42% of biologists in the UK are female, with an average age of 37, and 47% are not from the UK. Not many labs keep a stock of funky pink lab coats, but the cartoon here is a reminder that the iconic picture of a Caucasian male (preferably with a mop of white fuzzy hair) is no longer representative of the average lab worker.
When sociologist Elaine Howard Ecklund and her collaborators surveyed the population of British biologists, they found that gender, age, rank and institution seem to have no effect on whether a person is likely to feel a sense of religious belonging.* Some of the preliminary findings of this survey were presented at the Faraday Institute’s Uses and Abuses of Biology workshop in September, and it’s worth reading the full paper co-authored with Christopher Scheilte.
Ecklund’s earlier study on religion among scientists in the US showed that there are a significant number of scientists who describe themselves as ‘spiritual but not religious’ (see earlier blogs). In the UK this group does not seem to exist. Perhaps, suggested Ecklund, the Church of England is so widely accepted as a cultural institution that people do not feel the need to distance themselves from religion.**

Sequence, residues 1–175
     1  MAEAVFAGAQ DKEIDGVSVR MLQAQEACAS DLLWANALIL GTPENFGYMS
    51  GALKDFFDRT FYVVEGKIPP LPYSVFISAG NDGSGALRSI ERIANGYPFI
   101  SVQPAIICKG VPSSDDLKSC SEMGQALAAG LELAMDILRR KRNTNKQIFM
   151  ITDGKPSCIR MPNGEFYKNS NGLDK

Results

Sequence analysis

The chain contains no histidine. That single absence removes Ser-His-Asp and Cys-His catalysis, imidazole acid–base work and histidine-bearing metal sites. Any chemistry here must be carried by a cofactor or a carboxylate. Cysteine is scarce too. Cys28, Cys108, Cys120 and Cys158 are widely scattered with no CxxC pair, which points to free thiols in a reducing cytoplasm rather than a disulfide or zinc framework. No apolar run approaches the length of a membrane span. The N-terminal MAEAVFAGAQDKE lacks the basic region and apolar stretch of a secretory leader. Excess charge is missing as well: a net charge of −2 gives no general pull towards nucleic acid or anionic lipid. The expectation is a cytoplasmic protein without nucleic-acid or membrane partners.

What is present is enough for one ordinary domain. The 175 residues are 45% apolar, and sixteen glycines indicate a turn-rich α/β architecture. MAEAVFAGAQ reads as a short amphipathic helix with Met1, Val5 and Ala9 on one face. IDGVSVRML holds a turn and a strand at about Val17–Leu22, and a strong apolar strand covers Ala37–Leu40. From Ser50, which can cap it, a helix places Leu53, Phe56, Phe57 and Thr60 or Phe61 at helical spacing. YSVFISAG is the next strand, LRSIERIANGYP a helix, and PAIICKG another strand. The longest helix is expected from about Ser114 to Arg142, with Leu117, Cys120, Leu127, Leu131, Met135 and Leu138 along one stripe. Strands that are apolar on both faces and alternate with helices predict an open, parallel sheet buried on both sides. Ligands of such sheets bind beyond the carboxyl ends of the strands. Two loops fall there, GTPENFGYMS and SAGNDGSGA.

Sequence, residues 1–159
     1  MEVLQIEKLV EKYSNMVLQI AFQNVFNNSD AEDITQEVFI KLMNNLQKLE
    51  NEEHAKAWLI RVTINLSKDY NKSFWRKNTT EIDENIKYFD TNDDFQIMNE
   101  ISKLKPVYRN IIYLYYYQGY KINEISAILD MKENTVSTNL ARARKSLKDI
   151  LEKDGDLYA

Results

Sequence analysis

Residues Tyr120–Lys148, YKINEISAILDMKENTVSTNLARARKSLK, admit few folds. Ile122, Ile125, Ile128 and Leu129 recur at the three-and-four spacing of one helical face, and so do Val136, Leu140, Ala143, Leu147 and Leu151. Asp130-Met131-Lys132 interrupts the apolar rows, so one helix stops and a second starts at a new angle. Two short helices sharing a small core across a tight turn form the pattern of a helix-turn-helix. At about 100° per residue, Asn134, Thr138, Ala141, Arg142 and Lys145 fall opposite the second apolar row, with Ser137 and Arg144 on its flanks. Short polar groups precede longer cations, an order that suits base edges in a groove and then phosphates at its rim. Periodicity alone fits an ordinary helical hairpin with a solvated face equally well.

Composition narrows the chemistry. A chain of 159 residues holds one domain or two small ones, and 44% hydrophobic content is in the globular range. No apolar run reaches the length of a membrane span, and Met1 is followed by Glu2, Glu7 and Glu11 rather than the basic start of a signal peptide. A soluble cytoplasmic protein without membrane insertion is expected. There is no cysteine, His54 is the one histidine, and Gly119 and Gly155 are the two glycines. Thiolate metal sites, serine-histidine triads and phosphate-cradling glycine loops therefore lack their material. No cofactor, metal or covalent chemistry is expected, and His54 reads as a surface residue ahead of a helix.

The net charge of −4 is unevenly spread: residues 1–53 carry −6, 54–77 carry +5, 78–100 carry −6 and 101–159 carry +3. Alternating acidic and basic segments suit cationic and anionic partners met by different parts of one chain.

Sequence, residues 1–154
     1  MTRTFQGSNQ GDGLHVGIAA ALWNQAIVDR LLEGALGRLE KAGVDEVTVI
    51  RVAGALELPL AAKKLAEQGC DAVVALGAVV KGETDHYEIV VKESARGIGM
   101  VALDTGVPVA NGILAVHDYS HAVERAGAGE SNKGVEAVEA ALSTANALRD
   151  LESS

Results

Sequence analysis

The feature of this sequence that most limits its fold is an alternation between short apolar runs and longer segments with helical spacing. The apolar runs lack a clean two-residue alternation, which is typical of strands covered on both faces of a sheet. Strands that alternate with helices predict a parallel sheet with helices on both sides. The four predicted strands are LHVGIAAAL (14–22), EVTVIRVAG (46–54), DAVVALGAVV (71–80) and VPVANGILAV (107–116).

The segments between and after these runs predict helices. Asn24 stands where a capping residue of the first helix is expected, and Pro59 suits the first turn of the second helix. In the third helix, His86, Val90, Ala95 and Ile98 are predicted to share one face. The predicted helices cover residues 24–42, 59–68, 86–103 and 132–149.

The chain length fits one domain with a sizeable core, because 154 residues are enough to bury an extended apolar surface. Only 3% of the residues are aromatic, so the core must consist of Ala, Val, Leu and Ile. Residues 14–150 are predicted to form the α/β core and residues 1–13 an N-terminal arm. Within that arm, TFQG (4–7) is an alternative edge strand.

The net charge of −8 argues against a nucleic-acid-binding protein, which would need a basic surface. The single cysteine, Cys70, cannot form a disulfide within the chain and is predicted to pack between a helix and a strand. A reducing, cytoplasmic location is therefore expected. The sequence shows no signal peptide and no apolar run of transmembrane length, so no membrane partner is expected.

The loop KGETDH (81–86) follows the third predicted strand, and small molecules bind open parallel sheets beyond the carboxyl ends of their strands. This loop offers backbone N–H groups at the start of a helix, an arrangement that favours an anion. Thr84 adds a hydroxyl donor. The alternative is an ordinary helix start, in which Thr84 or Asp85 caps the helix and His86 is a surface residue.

I was sad to find, however, that fewer UK-based biologists believe in God compared to the general population (53% and 82%, respectively). Perhaps these numbers are a sign that the Christians I know whose doubts about evolution led to them avoiding biology are not a minority. These statistics are a wakeup call for the church, particularly because the same paper provides evidence that working in a lab can bring experiences that might be called spiritual.
What stood out for me in this data were the examples of those scientists who have experienced a sense of awe in their work. One biologist explained how the things he saw in the lab helped his faith to grow.
… when I started studying science in a lot more detail, particularly biology, it seemed weird to think that all these very, very—I don’t even know how to say this—life is just so amazingly well adapted to whatever condition you could imagine on this planet. And it just seems so unlikely that things just happened by random that on occasions when I looked at my microscope and looked at these things, I do wonder if there wasn’t a creator after all. So controversial to general opinion … science … made me believe more and more in the idea of a higher conscience or a higher power than I ever did before.
I wouldn’t use this type of argument as ‘proof’ for God, and I suspect the biologist quoted would agree with me. What seems to have happened is that a more general sense of awe can make some people start asking big questions about meaning and purpose – even leading beyond science into philosophy or religion. I will be fascinated to see what Ecklund and her collaborators have found when they finish their study. How many people find that their work leads them in this direction?
*Though women are a little more likely to believe in God.
** Although 65% of biologists still did not belong to any particular religious group